Scouts in U.S., Iraq connect via video

Courtney Olig was surprised at what she learned Saturday.

 

"I didn't know they liked American football and soccer," said Courtney, a National Hills Elementary School fifth-grader and a Girl Scout with Troop 20164, who participated in a cultural exchange with Iraqi Boy Scouts and Girl Guides via video teleconference at Fort Gordon.

About 35 area scouts met with scouts from Fort Hood, Texas, and Iraq in the hourlong conference, and each group had the opportunity to ask questions.

Lt. Col. John Moehler, of the 4th Infantry Division, which is deployed from Fort Hood to Baghdad, coordinated the event. His wife, Bridgette, and sons, Joseph, 10, and Samuel, 7, live in the Augusta area, where the boys are Scouts.

Wyatt Holder, a Greenbrier Elementary School fifth-grader and member of Pack 620, said he liked participating.

"It seems like a very good way to learn about different cultures," he said.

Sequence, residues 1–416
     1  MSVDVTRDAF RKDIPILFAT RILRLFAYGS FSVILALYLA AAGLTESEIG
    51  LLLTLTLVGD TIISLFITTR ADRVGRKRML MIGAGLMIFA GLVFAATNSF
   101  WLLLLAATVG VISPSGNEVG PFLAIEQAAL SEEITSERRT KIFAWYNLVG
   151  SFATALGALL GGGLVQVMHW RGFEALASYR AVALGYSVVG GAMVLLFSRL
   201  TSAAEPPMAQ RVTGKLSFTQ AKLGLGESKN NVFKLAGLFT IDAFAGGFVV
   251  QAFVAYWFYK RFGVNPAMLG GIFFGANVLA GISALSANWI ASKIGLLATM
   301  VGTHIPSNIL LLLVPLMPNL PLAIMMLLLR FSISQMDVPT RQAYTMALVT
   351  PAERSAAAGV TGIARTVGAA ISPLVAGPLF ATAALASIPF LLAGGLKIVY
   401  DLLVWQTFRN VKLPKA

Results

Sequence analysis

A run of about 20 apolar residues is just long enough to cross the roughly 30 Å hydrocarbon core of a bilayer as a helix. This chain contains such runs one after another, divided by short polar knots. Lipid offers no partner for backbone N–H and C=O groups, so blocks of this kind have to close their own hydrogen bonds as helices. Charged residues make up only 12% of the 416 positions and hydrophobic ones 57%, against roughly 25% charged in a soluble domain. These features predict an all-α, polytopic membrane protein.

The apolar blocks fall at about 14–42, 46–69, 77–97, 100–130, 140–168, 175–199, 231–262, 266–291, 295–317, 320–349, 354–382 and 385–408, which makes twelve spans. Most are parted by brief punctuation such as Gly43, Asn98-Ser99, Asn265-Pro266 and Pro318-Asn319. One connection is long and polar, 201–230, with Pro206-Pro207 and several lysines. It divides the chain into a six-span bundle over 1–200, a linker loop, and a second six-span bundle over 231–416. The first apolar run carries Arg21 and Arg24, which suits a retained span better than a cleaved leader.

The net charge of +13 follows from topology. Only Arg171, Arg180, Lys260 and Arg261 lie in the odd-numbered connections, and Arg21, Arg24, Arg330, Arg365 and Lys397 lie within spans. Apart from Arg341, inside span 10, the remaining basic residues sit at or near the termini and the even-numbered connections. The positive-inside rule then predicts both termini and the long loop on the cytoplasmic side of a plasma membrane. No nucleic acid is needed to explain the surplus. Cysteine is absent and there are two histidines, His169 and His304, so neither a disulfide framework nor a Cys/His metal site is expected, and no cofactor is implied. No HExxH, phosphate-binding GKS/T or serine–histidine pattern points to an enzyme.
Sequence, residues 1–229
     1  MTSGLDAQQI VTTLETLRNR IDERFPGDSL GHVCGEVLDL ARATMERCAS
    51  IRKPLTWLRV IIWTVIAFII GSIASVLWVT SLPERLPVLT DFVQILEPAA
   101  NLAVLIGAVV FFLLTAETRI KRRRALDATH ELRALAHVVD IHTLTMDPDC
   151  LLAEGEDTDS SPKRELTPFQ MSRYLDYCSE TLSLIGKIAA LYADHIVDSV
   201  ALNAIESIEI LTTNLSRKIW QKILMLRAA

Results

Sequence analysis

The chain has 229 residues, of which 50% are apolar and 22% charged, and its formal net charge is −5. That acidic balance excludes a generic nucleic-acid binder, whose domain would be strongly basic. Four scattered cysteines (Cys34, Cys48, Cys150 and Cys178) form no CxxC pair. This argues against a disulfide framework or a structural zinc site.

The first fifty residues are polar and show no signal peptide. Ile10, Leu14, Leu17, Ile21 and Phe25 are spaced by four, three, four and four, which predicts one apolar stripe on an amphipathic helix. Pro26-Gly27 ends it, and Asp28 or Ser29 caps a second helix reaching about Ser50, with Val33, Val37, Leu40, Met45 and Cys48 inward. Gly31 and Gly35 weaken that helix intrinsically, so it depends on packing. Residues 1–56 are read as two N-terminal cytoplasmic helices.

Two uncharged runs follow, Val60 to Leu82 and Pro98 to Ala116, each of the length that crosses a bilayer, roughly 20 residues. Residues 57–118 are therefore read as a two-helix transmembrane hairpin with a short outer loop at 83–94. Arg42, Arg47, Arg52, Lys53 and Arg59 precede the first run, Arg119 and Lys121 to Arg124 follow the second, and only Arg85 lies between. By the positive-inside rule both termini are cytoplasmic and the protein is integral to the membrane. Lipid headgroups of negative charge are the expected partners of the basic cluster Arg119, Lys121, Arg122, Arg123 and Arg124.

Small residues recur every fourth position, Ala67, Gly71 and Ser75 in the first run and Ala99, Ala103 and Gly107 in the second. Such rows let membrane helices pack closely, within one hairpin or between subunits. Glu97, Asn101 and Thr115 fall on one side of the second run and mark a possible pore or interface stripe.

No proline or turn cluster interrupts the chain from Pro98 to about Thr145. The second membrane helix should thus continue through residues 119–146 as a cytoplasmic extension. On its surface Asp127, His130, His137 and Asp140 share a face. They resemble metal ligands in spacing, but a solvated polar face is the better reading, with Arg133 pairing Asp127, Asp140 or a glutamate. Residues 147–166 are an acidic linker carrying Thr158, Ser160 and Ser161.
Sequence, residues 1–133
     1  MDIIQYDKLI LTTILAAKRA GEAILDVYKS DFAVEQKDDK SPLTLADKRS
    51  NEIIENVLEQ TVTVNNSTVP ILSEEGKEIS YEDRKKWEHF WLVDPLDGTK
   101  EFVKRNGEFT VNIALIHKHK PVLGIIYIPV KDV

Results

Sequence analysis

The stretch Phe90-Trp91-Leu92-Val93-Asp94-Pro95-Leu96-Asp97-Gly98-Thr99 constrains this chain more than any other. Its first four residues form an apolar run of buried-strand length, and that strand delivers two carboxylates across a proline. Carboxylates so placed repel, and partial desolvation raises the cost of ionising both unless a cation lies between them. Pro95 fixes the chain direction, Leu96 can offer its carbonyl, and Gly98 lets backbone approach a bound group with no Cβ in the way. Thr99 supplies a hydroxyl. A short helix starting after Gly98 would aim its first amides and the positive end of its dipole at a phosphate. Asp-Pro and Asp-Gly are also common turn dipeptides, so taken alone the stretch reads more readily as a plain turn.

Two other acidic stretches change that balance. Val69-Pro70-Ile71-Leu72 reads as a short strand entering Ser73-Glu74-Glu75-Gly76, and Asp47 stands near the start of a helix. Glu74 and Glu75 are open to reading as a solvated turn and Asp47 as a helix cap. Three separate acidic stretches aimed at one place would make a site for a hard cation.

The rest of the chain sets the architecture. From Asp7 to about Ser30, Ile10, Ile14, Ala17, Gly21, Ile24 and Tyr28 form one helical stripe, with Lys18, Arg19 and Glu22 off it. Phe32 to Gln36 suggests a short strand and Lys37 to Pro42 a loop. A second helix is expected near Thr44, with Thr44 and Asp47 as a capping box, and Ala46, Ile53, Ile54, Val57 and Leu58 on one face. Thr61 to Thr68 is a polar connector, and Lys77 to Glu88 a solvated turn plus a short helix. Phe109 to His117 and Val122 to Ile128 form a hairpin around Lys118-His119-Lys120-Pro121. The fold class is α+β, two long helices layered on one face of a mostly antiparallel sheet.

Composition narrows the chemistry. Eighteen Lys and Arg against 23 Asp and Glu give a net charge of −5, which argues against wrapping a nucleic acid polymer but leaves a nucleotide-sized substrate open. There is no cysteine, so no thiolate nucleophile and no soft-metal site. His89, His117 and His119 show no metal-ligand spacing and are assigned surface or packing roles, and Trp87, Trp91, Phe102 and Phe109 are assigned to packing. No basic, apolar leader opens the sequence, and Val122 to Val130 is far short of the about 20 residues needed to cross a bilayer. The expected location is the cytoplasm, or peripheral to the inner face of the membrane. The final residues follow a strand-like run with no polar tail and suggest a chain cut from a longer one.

American children wanted to know what the Iraqis did in their free time. The answer was reading, playing soccer and being involved in Scouting. They asked whether the Iraqis got to travel far from home to camp; the answer was no, mainly because of transportation issues.

Courtney asked one of the toughest questions: "What's it like being in a war zone?"

An Iraqi boy answered, "We feel the war, and because of the American forces, we have improved security."

The Girl Guides and Boy Scouts started in Iraq around 1921 but were banned under Saddam Hussein. They were reinstituted in 2004.

Brig. Gen. Robin Swan, the deputy commanding general of the Multi-National Division Baghdad and an Eagle Scout, spoke at the beginning of the teleconference. He said one of the highlights of his 20 months in Iraq was in October when he saw a parade in Fallujah, the first in the city since 2003.

"The first unit leading the parade was the Fallujah Boy Scouts followed by the Fallujah Girl Scouts," he said. "You represent the future of this great land."